D'Angelo Russell, Brooklyn Nets
(Photo by Abbie Parr/Getty Images)

Brooklyn Nets guard D’Angelo Russell has the potential to become an All-Star but he needs to improve on a number of things to get there.

The Brooklyn Nets faced another disappointing season but have given their fans something to smile about. Brooklyn not only won eight more games this season than it did in 2016-17, but it looks like they have found a promising star in D’Angelo Russell.

Brooklyn hasn’t had an Eastern Conference All-Star since Joe Johnson during the 2013-2014 season. Russell has the potential to become the Nets’ next representative on the Eastern Conference squad.

His teammates believe it.

“Nobody in this arena will question his talent. You just want him to do it consistently,” DeMarre Carroll told Brian Lewis of the New York Post. “D’Angelo’s probably the closest thing we have to an All-Star on our team if he did it consistently. Me, being his big brother, being a leader, I just challenge him to come in and hit it hard every day.


Coming here he wanted a new beginning, a new start. He had high hopes. He played well for us at times, but he just has to be more consistent. If we can get a more consistent D’Angelo, that’d help our team a ton. He just has to come in this summer and buy in, hit the weights, do what the performance team tells him to do, live in this gym like Caris [LeVert] did last year.”

How can he get there? There are three things that need to improve in order for Russell to take the next step in his development.


As Carroll noted, consistency will be key in Russell’s development. The 22-year-old has had brilliant shooting performances that boost the Nets offense and helps win games, but far too often follows them up with duds.

When he’s having an off shooting night, Russell can still impact the game with his passing.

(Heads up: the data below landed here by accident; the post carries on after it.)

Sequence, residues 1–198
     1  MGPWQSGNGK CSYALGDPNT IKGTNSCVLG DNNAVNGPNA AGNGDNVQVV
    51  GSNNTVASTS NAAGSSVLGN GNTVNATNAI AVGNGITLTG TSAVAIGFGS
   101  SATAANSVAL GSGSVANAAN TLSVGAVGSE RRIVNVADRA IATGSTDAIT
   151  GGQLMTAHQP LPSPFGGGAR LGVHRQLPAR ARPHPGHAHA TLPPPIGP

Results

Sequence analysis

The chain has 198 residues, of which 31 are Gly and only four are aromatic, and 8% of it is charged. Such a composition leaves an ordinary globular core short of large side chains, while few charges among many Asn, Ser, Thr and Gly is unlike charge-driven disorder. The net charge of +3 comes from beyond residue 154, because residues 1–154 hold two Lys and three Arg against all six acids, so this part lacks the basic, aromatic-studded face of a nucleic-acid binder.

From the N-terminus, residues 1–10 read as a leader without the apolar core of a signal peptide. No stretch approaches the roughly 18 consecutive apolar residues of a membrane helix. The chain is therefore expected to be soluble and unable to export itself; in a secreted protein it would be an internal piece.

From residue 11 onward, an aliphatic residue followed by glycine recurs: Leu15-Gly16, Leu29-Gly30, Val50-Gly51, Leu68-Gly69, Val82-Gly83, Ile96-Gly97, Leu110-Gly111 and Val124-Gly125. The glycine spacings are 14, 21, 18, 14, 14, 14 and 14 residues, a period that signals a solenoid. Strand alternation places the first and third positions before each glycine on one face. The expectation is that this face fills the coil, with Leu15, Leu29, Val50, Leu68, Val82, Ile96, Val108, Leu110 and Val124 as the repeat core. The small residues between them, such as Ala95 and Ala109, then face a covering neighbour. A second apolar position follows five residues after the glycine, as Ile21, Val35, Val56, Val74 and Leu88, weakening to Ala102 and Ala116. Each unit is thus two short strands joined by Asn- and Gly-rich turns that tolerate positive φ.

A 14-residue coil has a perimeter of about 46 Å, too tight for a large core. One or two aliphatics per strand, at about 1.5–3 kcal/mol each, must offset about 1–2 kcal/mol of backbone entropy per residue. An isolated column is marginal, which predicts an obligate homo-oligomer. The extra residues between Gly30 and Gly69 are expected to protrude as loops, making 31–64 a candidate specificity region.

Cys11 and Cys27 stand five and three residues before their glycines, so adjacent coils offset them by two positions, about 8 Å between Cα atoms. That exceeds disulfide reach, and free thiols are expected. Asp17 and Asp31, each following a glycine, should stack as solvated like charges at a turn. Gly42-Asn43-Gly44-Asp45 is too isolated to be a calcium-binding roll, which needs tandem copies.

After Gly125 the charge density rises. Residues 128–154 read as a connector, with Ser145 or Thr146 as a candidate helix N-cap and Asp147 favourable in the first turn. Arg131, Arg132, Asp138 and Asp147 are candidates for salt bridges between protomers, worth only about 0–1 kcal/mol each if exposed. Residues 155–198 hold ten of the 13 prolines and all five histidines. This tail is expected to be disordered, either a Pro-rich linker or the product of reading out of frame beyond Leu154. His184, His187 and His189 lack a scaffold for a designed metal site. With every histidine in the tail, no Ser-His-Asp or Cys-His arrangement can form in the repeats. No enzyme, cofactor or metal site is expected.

He’s shown the ability to be a magician when dishing the rock and orchestrating ball movement, but again, is inconsistent in doing so.


Russell is arguably the worst defensive player on the Nets. That’s not going to help him become an All-Star, nor is it going to help him become the leader of this team.

He gives opposing guards far too much room to operate, allowing them to either drive the lane or move the ball down low, where the Nets have a massive defensive void. The defense looked far better and more efficient when Spencer Dinwiddie was on the floor.

Russell has impressive quickness and length for an NBA guard. He needs to apply that on the defensive end to force stops and turnovers.


In early November, Russell underwent arthroscopic knee surgery, which took him out of action for several months. He only played in 48 of the Nets 82 games this season.

While you can’t blame a player for getting hurt, and it’s fair to expect them to be rusty upon their return, it was visibly clear that he lacked confidence in his knee once he came back.

He avoided contact and primarily focused on spot-up shooting, which isn’t his strength.


Russell needs to put in the work this offseason to not only continue to strengthen his knee, but to ensure that he’s confident enough on it to play his game.

Chris "Cruise" Milholen grew up and still lives in Bergen County, NJ. He is a huge fan of the Brooklyn Nets and the New York Yankees. Chris is currently a student at Montclair State University (Class of 2020) studying Television and Digital Media with a concentration in Sports Media and Journalism and minoring in Sociology. Chris is a sports columist for ElitesportsNY covering the Brooklyn Nets and National/International basketball news. Chris is also a sports columnist for FanSided (Nothin' But Nets) and The Montclarion Newspaper.